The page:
Page 30

An Unlikely Ally Written by: LFA Turppa

I truly believe in the equality of the human spirit, and that “equal rights” means “human rights”.

I’m gay. I’m out and I’m proud. I go to OutRaleigh events, I march in Gay Pride Parades, I voted against Amendment One, and on occasion I even participate in drag shows, just for the hell of it. I wasn’t always this way. When I was younger, I lived under the oppressive boot of my father. My mother did nothing to curb his behavior; I suppose she enabled him. I was too sensitive, too scrawny, too brainy… each of these things he tried to beat out of me after drinking a fifth of Jack every night after work. I got into trouble at school-fights, bullies picking on me, kids calling me names because of my sensitive disposition and the fact that I actually cared about my hygiene. He had his say about that, too. He said it with his belt; his belt and I became very well acquainted. Sissy. Fag. Homo. The names still haunt me. Sticks and stones, I know; try explaining that to an eight year old who heard it at school, then came home and heard it there too. When all he did was try to explain the fights weren’t his fault, he was only defending himself? Against what, you little fag? Damn sissy… ! THWACK with the metal business end of the belt across any part of my body unprotected by cloth. Before I go any further, you must remember, this was the 90s, when kids were committing suicide for being hassled about their sexual orientation. Even the suspicion of being gay could land you in a locker for a couple classes, if not worse.

30

www.connextionsmagazine.com

I grew older, stronger. I took up sports, and because I was fitting into a societal norm, the kids at school quit picking on me. The name-calling stopped, despite the constant aberrations from my father; in fact, he was the only one who still bothered. When I was sure my jock buddies were nowhere around, I snuck into and sat in on anything having to do with the Arts. How I longed to be a part of that crowd. To express that inner intelligence, that wisp of creativity that had so long been beaten into repression. Please don’t misunderstand me. I’m not saying only gays are into the Arts, nor am I saying that you have to be gay to be accepted into the Arts community. What I’m saying is that for me, being gay, and a jock, was unappealing. In fact, two of my teammates were gay- one, peeking out of the closet, while the other was hidden so far inside it he may as well have been in Narnia! At any rate, the repressed homosexuality, the repressed creativity? It began eating away at me, carving out scars, deep in my soul. My father still tried to beat me, but because I had become bigger and stronger than him, he was less successful. He still made strides, adapting new forms of abuse. He threw things or, whipped his belt, at me, even going so far as lunging his own body at me. There ‘of course’ was the psychological abuse, which was on a daily basis; name calling and putting me down. Sports, as well as my clandestine Arts indulgences, helped me keep my head on straight. In my sophomore year, my mom died. Car accident. I wish I could say I was upset about it, but I wasn’t. The fact that she stood by, for so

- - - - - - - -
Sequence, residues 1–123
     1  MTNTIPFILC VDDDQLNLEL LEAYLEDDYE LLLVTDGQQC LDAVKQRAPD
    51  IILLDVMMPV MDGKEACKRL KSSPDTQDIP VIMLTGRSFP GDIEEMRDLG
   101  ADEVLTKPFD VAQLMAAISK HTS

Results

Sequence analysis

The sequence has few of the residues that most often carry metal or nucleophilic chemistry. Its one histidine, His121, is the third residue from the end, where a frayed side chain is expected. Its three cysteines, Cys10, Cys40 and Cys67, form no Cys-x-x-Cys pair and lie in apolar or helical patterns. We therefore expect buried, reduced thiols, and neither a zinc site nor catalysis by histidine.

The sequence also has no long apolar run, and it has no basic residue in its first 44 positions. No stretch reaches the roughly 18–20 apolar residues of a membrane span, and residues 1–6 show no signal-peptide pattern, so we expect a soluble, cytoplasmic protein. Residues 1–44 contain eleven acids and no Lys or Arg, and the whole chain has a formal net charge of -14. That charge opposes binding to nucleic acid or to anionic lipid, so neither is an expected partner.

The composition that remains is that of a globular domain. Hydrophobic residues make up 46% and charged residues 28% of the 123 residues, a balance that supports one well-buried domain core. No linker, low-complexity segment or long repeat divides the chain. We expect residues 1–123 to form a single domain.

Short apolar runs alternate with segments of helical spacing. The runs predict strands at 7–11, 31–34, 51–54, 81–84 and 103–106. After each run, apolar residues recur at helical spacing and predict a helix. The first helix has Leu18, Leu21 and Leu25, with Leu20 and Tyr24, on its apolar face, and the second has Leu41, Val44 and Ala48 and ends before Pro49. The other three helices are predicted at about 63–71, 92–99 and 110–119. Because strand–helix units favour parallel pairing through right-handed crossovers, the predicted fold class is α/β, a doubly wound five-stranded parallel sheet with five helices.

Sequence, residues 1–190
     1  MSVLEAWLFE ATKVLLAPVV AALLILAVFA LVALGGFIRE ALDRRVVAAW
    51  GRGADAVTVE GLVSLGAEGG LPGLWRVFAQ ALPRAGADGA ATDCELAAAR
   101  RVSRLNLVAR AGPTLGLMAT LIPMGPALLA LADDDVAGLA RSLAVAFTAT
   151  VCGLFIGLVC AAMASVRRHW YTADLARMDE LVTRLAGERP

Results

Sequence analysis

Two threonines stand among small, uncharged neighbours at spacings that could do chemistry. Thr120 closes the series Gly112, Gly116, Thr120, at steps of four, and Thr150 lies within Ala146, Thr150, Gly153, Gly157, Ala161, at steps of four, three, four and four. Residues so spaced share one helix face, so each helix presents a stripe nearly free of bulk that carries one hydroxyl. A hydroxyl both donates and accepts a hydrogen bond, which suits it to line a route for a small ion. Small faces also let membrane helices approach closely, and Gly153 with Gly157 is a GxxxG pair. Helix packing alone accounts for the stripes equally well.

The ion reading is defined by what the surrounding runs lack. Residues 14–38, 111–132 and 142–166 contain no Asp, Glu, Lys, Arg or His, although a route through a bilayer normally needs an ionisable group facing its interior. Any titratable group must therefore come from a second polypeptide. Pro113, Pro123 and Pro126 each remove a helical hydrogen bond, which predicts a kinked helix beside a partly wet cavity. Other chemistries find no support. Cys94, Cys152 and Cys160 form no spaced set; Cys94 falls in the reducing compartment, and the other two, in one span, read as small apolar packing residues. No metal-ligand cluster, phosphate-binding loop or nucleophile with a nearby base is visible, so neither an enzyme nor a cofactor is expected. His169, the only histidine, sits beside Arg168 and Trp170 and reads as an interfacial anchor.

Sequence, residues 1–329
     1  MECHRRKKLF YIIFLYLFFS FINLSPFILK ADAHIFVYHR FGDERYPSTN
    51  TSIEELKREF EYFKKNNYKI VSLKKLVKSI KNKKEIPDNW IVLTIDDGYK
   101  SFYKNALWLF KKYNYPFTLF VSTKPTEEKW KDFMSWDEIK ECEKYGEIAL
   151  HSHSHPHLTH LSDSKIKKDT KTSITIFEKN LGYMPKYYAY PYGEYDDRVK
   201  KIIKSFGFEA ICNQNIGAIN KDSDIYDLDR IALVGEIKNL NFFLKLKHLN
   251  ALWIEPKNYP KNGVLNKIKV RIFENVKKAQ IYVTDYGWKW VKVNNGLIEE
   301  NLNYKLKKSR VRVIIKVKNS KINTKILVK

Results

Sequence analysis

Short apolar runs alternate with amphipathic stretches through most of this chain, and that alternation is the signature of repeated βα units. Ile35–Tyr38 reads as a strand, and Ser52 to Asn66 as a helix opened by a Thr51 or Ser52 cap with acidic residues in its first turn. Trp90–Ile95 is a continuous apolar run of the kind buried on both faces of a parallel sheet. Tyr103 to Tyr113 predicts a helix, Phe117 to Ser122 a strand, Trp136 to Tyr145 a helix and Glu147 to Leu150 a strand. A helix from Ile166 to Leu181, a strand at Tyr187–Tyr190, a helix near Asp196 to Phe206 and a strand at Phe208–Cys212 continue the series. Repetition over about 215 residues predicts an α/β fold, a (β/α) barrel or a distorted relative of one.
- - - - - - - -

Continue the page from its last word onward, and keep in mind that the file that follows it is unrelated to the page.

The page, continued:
long, while my father abused and harassed me, without stopping him, and her general feeling of indifference towards me, was abuse in its own right. The only thing I had to contend with, after that, was my father. Thankfully I was coming of age, and could emancipate myself from him, something I would have done whether or not she had died. You also might be asking why I didn’t go to anybody for help… Social Services perhaps. Back in my day, they didn’t have such a thing, except for extreme cases of neglect; the one area of my life where I had no cause for complaint. I had a roof over my head, food in my belly and clothes on my back. All I needed was a lawyer. I’d had a job since I was fourteen; helping the neighbors with yard work. This led to a job offer from one of them; he was the owner of a landscaping company and had been impressed with my work ethic. Obviously there was only so much I could do because of Child Labor Laws, but it was more than enough for me. I saved every cent, putting it into an account my grandfather opened for me when I was a child; my parents had no access to it so I knew it would be safe. The only reason I even knew I had an account to begin with is because I’d gone into the bank, at fourteen, to open one, and the woman assisting me told me I couldn’t have one without an adult co-signer. She then proceeded to tell me, with a confused look, that I already had one. Allow me to tell you something about my grandfather. Because of my father’s domineering nature, I didn’t get to see him. Ever. My grandfather was my father’s dad,

Profile for Connextions Magazine

Connextions Magazine - Issue 8 DC  

Travel highlights in our nation's capital, Washington DC. Click to www.connextionsmagazine.com to subscribe or purchase the print edition.

Connextions Magazine - Issue 8 DC  

Travel highlights in our nation's capital, Washington DC. Click to www.connextionsmagazine.com to subscribe or purchase the print edition.